It happened. It only took eight games for one of sport’s ageless debates to start for the Chicago Cubs. Monday was the home opener for the Chicago Cubs at Wrigley Field. As customary on Opening Day at Wrigley Field, the Cubs introduce each of their players on their 25 man roster. There was one player in particular who generated a reaction that may have been the bigger story than the Cubs losing the game to the Milwaukee Brewers on Monday. That player was Carlos Marmol.
Marmol, who struggled during the first week of the regular season by allowing a total of 5 runs on 6 hits and 2 base on balls to go along with a blown save, was booed heavily when he was introduced before the game. The booing did not stop there. Marmol entered Monday’s game as a middle reliever and proceeded to be booed once again. After the game, many of Marmol’s teammates came to his defense and took offense with the fans deciding to boo the struggling reliever. Many reporters have also thrown their opinions in the mix and disagreed with the fans that were booing Marmol.
This has led to a debate as to whether or not the Cubs’ fans at Wrigley Field were right or wrong to boo Marmol on Monday.
To anyone who took offense to the Cubs’ fans booing Marmol on Monday, go back to watching little league games instead of Major League Baseball games. The Cubs fans that booed Marmol on Monday did nothing wrong. The fans in attendance at Wrigley Field all paid to see the Cubs’ product on the field. Like any consumer–such as a person who purchases a ticket to see a film company’s latest product at the movie theater. If the movie failed to meet the expectation of the movie-goer, then it is not out of the norm to expect the movie-goer to complain about the movie upon its conclusion.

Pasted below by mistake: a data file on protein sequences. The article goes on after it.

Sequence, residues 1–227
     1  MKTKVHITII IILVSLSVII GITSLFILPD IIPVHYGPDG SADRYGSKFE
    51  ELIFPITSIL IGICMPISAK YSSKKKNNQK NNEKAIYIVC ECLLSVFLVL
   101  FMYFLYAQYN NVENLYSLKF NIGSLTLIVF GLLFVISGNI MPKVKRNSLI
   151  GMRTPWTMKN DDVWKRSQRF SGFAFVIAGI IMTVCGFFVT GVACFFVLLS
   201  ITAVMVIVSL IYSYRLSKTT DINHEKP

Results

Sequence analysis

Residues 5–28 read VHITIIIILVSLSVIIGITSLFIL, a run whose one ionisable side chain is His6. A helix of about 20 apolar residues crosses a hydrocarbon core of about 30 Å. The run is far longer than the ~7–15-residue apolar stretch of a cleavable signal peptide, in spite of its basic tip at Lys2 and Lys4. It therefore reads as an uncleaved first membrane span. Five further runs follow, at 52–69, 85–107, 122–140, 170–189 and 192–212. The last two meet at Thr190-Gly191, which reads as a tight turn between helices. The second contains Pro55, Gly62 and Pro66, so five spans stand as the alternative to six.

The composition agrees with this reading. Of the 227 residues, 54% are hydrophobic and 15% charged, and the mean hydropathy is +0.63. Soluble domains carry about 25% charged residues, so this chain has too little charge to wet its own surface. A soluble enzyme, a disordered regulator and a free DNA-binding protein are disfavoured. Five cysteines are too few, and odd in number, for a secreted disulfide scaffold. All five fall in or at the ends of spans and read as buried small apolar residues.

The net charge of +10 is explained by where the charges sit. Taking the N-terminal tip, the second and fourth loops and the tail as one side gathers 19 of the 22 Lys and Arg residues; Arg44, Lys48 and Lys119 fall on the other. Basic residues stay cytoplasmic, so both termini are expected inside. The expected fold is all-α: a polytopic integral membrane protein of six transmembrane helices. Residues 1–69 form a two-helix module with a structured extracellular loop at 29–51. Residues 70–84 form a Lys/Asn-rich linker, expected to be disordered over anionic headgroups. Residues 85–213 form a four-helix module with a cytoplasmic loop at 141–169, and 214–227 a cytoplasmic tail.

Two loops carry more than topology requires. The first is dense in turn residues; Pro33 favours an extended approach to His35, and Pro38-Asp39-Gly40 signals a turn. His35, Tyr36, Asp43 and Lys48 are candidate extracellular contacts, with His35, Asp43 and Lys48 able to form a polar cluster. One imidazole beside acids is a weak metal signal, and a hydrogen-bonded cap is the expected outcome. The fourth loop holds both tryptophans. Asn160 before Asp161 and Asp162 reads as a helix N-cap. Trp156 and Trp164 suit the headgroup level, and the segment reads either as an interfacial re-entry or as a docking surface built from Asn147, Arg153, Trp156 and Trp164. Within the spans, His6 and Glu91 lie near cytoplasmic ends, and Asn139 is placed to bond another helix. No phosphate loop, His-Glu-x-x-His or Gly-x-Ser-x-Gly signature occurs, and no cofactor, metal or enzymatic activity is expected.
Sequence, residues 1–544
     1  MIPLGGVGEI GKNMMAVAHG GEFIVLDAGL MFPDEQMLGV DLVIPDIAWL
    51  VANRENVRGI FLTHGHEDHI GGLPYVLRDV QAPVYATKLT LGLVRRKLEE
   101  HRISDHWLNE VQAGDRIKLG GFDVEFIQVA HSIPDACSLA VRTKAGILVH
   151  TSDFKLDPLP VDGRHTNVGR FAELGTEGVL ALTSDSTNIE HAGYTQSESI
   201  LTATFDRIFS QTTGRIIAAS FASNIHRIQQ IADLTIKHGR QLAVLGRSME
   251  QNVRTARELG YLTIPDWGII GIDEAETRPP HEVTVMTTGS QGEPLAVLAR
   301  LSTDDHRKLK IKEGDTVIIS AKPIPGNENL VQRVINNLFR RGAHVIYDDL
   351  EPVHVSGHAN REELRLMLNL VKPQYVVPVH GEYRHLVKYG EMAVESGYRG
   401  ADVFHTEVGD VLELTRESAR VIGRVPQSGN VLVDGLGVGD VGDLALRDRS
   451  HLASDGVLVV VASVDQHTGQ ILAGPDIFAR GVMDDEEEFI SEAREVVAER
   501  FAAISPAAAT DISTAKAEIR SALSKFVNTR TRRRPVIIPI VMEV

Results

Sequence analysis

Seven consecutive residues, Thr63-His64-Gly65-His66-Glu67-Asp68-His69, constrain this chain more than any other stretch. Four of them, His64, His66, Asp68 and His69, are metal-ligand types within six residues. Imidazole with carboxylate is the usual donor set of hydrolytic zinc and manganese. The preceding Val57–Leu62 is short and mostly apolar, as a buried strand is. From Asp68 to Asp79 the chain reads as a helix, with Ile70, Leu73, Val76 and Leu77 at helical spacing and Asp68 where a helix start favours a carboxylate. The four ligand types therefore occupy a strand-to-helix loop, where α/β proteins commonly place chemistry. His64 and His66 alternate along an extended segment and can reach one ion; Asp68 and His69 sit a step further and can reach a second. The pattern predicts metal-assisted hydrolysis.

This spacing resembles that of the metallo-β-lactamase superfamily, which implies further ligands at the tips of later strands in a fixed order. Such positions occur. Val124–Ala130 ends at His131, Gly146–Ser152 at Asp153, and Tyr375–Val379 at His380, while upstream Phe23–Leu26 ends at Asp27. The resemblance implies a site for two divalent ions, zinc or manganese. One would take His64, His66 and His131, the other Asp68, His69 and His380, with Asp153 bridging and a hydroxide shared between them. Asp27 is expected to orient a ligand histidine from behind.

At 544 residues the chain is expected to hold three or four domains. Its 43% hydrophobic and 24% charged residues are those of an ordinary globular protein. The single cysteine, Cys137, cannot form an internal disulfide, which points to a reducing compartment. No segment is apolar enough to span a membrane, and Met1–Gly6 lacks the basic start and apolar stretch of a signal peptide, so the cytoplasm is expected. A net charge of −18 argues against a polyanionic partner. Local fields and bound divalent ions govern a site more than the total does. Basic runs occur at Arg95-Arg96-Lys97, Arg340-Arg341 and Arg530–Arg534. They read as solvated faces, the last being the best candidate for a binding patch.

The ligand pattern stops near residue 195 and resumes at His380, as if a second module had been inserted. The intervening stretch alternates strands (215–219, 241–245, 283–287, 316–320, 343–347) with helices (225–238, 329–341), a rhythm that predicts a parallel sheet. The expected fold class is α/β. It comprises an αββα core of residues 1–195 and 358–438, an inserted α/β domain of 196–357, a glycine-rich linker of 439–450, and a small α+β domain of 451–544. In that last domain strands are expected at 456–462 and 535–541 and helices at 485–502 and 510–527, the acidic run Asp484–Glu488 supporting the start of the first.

The fans at Wrigley Field are no different. The fans expected Marmol to produce at the level at which he was getting paid. Marmol is getting paid $9.8 million this season to close out games for the Cubs. Marmol is no longer closing out games for the Cubs as he has been unable to do so effectively this season. Meaning, Marmol is now making $9.8 million to be a middle reliever. So when Cubs fan boo Marmol–including during his player introduction–they are expressing their disappointment with not only Marmol’s failure as a closer, but the money that he is making to essentially be ineffective. Remember, former Cubs’ general manager Jim Hendry can be thanked for that contract.
Were Cubs fans right or wrong to boo Marmol on Monday? Let your opinion heard and vote in the poll below.